If you know me. You know I love to eat.
As a former fat kid, I am an expert on consuming foods of all varieties. I remember growing up our weekly ritual of going to the grocery store , ‘Super 1 Foods.’ It was a warehouse of joy and fun for me. All of my best friends were there – and for some reason all on the cereal aisle: Captain Crunch, Toucan Sam, Lucky the Leprechaun, and of course Snap, Crackle & Pop (my mom could make a MEAN Rice Krispies Treat).
We were tight – I loved them like a fat kid, well, the way I loved cake. Cake is also good.
Since I’m from the South, I am no stranger to comfort food. Home cooking is the BEST – roast, mashed potatoes, chicken fried steak, home baked pies – all the things. All of them.
Since my arrival, New York City has shed some new light on the term “comfort food” for me.
Transitioning to a new city is difficult. Your whole routine is shocked and catapulted into this purgatory where your normal is no longer possible. Everything is strange and you spend most of your time learning how to navigate spending your time.
While staying with that family (who again was wonderful), my time after work was a challenge. What do I do? I don’t really want to go ‘home’ because it didn’t feel like home at all. I felt like a guest that had to creep around and hide in my room.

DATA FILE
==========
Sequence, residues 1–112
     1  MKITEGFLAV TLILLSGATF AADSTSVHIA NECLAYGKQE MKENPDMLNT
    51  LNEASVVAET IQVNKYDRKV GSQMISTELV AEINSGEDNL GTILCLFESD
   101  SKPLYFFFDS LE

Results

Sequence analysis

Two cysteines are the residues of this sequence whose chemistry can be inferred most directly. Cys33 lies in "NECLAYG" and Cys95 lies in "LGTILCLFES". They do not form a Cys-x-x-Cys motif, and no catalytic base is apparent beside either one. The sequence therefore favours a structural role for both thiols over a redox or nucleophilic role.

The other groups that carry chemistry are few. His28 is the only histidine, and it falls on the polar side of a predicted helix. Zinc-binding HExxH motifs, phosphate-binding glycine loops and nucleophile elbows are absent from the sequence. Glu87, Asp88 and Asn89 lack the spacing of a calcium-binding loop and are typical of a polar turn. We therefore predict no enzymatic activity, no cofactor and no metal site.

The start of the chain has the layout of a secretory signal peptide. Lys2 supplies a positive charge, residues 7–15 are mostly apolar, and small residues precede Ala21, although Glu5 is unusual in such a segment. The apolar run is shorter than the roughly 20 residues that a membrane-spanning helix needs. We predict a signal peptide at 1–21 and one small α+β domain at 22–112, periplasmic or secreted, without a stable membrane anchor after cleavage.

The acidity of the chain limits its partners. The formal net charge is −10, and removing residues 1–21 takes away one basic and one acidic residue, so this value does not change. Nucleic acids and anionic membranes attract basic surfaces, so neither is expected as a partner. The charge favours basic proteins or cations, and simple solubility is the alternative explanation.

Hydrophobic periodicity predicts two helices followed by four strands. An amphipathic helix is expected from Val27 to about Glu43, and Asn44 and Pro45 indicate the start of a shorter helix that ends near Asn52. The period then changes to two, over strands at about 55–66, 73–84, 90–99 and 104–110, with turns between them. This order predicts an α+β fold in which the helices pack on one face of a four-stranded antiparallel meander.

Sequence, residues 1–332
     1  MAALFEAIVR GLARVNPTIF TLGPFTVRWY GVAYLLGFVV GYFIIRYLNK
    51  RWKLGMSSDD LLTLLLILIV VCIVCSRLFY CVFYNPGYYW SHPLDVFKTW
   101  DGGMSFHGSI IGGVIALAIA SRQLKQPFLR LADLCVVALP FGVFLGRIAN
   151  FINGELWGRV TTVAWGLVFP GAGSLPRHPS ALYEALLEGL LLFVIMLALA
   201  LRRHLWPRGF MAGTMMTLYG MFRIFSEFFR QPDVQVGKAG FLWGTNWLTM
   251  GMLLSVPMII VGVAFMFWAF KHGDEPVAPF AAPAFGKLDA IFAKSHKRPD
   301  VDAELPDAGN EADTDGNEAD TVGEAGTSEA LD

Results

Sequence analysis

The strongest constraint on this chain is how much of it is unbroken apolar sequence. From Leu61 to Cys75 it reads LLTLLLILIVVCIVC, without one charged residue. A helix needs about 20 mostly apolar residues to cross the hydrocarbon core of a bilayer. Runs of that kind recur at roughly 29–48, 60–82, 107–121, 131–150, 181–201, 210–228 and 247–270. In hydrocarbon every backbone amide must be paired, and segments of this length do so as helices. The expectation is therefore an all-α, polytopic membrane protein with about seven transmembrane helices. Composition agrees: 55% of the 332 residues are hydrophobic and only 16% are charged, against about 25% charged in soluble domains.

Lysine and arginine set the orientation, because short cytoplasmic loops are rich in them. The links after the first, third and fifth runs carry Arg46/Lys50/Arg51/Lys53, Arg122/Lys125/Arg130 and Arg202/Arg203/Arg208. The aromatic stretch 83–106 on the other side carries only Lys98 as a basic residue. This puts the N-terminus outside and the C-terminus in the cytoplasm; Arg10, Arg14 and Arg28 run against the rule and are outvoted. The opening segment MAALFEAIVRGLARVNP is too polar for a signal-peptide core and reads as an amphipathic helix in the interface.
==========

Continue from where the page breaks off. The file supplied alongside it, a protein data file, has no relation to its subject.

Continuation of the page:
My first option was this quaint little coffee shop – just a few tables with some disheveled chairs and a low rumble of chatting friends, giggling lovers, and the thunderous silence of students studying in an effort to make it through their next exam. It was typically decorated with little creativity. It looked a lot like a Starbucks.
OK, it was Starbucks.
Fine. I’ll stop romanticizing my experience strolling the city at night. While those little coffee shops exist I steered clear of them. I wanted nothing to do with the unknown – I had had my fill. Starbucks was safe, familiar, and stability in a life I had so dramatically disrupted.
But alas, even in a city that never sleeps, some Starbucks still close (which is false advertising, but I digress).
There I was – alone, cranky (because that Reduced-Fat Cinnamon Swirl Coffee Cake did NOT do the trick), and fearful of a night un-satiated. I wandered again through the city and passed people all making their way with intention and purpose.
Do I wander “home” and go to bed hungry or die in the streets of hunger?
Then my savior appeared…
Alright, admittedly this is a pretty dramatic retelling of a ridiculously lame evening, but I had never been more thrilled to see some sad version of Tex-mex in my life. It beckoned to me like an old friend I’d not seen in years, but knew we could immediately pick up where we left off. It was joy, something I knew well, and most importantly and old friend that provided comfort.
I ate the hell out of my feelings that night. I never thought of “comfort food” as actually providing comfort. For me, it was way to describe a type of “home cooking.”
And it still is – it makes wherever you are feel like home, and I’m making New York home one Grande Americano and Chipotle Chicken Burrito at time.